image file: c7cp04835a-f1.tif
Fig. 1 Cartoon depicting the two-step process for functionalizing amine-terminated silica nanoparticles (left). PEG (middle) and then DNA (right) were covalently linked in stepwise a processes.

Experimental

Nanoparticle functionalization

Nominally 30 nm diameter silica colloids with a partially aminated surface (Micromod) were suspended in 10 mM phosphate buffer (PB, pH = 7.4) at a concentration of 2.5 mg ml−1 and sonicated for 15 minutes. 1 mg of the heterobifunctional PEG reagent with a tetrafluorophenyl (TFP) ester on one end of the PEG chain with 24 repeat units and an azide group at the other (TFP–PEG24–azide, Quanta Biodesign, with certified purity >90%, Fig. 1) in 10 μl of anhydrous DMSO (dimethyl sulfoxide) was then added per ml of the colloidal suspension and allowed to react overnight. The PEG functionalized nanoparticles were then washed by centrifugation three times in PB to remove excess reagent. The PEG reaction also was performed in 10 mM aqueous buffers of 2-(N-morpholino)ethanesulfonic acid (MES, pH = 6.0) and carbonate (pH = 9.0 and pH 10.0) as well as anhydrous DMSO with and without adding 5% triethylamine (TEA).

The PEG-NP dispersions were then reacted with 50 nM of single-stranded (ss) DNA sequences, either A or A′, per 2.5 mg of NP. Both sequences consist of an alkyne group at the 5′ end followed by a 15T spacer and a 7 bases long binding motif (A = /5Hexynyl/TTT TTT TTT TTT TTT TTT GGT GCT G-3′; A′ = /5Hexynyl/TTT TTT TTT TTT TTT TTT CAG CAC C-3′; purchased from IDT). The melt temperature of the binding motif is Tm = 28 °C (10 mM PB and 100 mM NaCl). Copper sulfate (0.1 mM) and sodium acetate (5 mM) were used to catalyze the reaction. After 30 minutes, a concentrated buffer solution with 2 M sodium chloride was added to increase the salt concentration of the suspension to 150 mM and the reaction was left to proceed overnight. The DNA-NPs were then washed three times in PB to remove any unbound DNA from the solution. All chemicals were from Sigma Aldrich unless otherwise noted.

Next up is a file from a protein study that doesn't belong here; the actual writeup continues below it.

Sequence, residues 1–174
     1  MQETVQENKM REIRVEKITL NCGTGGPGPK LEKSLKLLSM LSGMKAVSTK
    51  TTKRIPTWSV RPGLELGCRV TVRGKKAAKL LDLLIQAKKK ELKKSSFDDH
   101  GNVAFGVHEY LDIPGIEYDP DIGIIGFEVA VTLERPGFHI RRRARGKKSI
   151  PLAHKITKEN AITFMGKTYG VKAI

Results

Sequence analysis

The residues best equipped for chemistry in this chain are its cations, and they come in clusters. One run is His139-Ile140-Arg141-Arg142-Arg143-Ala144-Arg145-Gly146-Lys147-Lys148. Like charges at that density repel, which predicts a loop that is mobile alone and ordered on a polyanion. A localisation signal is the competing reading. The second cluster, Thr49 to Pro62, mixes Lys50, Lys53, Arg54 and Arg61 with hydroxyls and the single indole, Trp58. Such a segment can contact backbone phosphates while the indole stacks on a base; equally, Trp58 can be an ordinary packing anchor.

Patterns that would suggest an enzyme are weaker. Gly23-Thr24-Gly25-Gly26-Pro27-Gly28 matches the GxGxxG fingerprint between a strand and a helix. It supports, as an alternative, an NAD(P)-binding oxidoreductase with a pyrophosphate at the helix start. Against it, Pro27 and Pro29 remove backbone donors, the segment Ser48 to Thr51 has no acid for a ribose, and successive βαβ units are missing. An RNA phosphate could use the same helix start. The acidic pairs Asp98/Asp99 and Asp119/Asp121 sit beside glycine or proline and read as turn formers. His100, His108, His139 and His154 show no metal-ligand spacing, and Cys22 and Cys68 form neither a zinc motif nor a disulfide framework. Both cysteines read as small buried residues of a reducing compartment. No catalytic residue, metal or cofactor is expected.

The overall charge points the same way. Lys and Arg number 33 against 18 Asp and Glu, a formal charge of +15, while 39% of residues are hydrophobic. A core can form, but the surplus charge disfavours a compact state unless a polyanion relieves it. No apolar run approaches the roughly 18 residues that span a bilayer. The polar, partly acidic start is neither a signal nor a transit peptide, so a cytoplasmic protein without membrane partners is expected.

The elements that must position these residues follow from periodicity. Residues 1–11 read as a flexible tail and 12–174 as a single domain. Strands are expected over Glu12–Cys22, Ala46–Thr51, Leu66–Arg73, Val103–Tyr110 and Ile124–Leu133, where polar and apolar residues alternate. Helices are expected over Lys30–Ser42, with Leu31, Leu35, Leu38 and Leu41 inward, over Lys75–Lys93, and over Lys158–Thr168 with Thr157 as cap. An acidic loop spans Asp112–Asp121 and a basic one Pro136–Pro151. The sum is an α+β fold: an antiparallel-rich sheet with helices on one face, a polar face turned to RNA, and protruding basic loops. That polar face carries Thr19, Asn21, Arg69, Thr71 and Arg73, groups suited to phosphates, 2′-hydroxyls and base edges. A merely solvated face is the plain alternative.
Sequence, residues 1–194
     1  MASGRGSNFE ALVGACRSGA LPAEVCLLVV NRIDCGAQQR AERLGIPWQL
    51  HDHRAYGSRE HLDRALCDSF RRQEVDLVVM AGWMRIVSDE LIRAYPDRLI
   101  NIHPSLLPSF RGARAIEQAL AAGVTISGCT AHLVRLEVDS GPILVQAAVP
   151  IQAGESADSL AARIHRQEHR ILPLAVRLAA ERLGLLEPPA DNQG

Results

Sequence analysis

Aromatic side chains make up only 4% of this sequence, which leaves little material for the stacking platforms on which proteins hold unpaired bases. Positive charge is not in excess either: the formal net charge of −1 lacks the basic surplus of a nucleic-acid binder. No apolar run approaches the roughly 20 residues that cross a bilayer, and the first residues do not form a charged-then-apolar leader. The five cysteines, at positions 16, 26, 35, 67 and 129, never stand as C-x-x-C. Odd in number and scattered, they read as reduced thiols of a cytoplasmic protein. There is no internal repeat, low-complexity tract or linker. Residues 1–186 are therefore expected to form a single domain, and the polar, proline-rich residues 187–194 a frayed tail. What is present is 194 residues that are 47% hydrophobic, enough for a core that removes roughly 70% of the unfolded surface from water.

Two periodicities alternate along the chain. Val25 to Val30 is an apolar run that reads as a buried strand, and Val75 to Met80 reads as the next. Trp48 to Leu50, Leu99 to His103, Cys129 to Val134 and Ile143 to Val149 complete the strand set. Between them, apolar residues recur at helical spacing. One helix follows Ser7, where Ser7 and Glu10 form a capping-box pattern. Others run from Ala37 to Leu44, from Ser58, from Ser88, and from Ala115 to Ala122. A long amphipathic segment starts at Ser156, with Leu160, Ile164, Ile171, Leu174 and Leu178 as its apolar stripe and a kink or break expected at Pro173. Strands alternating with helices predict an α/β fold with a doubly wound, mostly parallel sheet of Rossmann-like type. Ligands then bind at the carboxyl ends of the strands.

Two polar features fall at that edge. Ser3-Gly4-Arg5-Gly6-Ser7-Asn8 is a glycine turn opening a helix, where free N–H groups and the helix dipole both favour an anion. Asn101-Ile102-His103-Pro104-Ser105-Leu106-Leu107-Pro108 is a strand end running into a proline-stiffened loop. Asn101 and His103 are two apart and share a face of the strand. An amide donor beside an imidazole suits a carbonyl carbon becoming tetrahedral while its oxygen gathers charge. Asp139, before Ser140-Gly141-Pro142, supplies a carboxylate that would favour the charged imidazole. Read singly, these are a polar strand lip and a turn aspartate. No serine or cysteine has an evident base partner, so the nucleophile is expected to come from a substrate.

Nanoparticle characterization

Dynamic light scattering (DLS) and electrophoretic measurements (Malvern, Zetasizer ZS or ZSP) were used to monitor the nanoparticle conjugation process. The DLS and zeta-potential measurements were made in 10 mM PB with no added NaCl.

A fluorescence assay was used to quantify the number of azide terminated PEG ligands available for the subsequent click reaction. A dibenzylcyclooctyne (DBCO) molecule with a red fluorescent dye (Jena Biosciences, DBCO-Sulfo-Cy5) was reacted with the azide functionality of PEG-NPs for 24 hours. The PEG-NPs were then sedimented from the solution using centrifugation and the fluorescence of supernatant was measured at 665 nm (Varian Cary Eclipse). The fluorescence of the supernatant was compared to a series of concentration standards to determine the dye concentration in solution. The dye concentration in solution was subtracted from the total dye concentration used and divided by the number of particles in solution to give the number of PEG ligands per particle.

A similar strategy was used to quantify the amount of DNA on each nanoparticle.29 Fluorescently tagged DNA complementary (/5Cy3/TTT TTT CAG CAC C, IDT) to the DNA bound to the nanoparticles was added to the DNA-functionalized nanoparticle-solution in 500 mM NaCl. The nanoparticles were then sedimented under centrifugation and the concentration of the DNA in the supernatant was subtracted from the total amount added to the nanoparticle solution by comparing to a series of standards as measured from the fluorescence at 565 nm.